The consumer unit (or ‘electricity meter’) cupboard in some older houses is a badly lit place. If the bell transformer is also located in this cupboard, it may be used to provide emergency lighting by two high-current LEDs. These diodes are powered via a small circuit that switches over to four NiCd batteries when the mains fails. The output voltage of the bell transformer is rectified by bridge B1 and buffered by capacitor C1. The batteries are charged continuously with a current of about 7.5 mA via diode D1 and resistor R2. The base of transistor T1 is high via R3, so that the transistor is cut off. When the mains voltage fails, C1 is discharged via R1; when the potential across it has dropped to a given value, the battery voltage switches on T1 via R3 and R1, provided switch S1 is closed. When T1 is on, a current of some 20 mA flows through diodes D4 and D5. The light from these LEDs is sufficient to enable the defect fuse or the tripped circuit breaker to be located.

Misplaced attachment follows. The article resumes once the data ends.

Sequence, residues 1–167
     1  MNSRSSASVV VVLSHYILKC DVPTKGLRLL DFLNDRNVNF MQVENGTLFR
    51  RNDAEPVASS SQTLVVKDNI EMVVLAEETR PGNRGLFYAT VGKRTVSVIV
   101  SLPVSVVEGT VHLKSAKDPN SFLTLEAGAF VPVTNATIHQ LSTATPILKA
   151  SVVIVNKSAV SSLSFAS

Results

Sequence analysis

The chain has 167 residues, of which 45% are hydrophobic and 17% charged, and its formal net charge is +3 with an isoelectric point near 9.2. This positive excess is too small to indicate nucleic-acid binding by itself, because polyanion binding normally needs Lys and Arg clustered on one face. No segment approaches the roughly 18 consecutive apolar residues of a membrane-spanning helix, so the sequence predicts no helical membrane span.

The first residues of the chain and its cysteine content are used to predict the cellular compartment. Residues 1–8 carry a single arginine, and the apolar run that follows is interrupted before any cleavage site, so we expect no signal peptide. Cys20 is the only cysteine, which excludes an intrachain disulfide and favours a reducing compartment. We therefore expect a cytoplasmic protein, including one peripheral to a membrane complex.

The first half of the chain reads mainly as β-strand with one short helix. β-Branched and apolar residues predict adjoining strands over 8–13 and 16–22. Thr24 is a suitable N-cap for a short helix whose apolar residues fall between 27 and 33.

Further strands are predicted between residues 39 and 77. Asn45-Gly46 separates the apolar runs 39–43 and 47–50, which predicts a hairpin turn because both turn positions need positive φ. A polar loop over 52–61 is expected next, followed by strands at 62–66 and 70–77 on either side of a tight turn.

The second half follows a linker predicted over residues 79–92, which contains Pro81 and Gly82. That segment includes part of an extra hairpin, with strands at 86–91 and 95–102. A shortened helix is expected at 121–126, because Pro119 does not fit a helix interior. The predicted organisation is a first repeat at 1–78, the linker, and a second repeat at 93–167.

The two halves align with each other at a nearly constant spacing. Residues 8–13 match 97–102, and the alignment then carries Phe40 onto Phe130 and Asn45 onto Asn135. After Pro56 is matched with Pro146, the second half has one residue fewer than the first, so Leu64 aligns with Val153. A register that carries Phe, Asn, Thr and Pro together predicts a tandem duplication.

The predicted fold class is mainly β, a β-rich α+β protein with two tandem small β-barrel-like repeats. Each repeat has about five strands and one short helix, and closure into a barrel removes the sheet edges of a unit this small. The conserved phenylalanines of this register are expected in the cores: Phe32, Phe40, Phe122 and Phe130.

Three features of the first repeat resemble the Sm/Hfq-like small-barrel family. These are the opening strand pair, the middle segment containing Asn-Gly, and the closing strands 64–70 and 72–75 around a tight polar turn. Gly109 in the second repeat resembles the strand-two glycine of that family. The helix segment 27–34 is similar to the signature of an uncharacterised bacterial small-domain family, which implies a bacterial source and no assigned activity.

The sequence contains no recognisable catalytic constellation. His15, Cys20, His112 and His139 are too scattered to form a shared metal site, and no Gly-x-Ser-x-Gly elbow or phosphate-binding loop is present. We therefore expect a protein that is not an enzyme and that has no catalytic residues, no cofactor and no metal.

Author: H. Bonekamp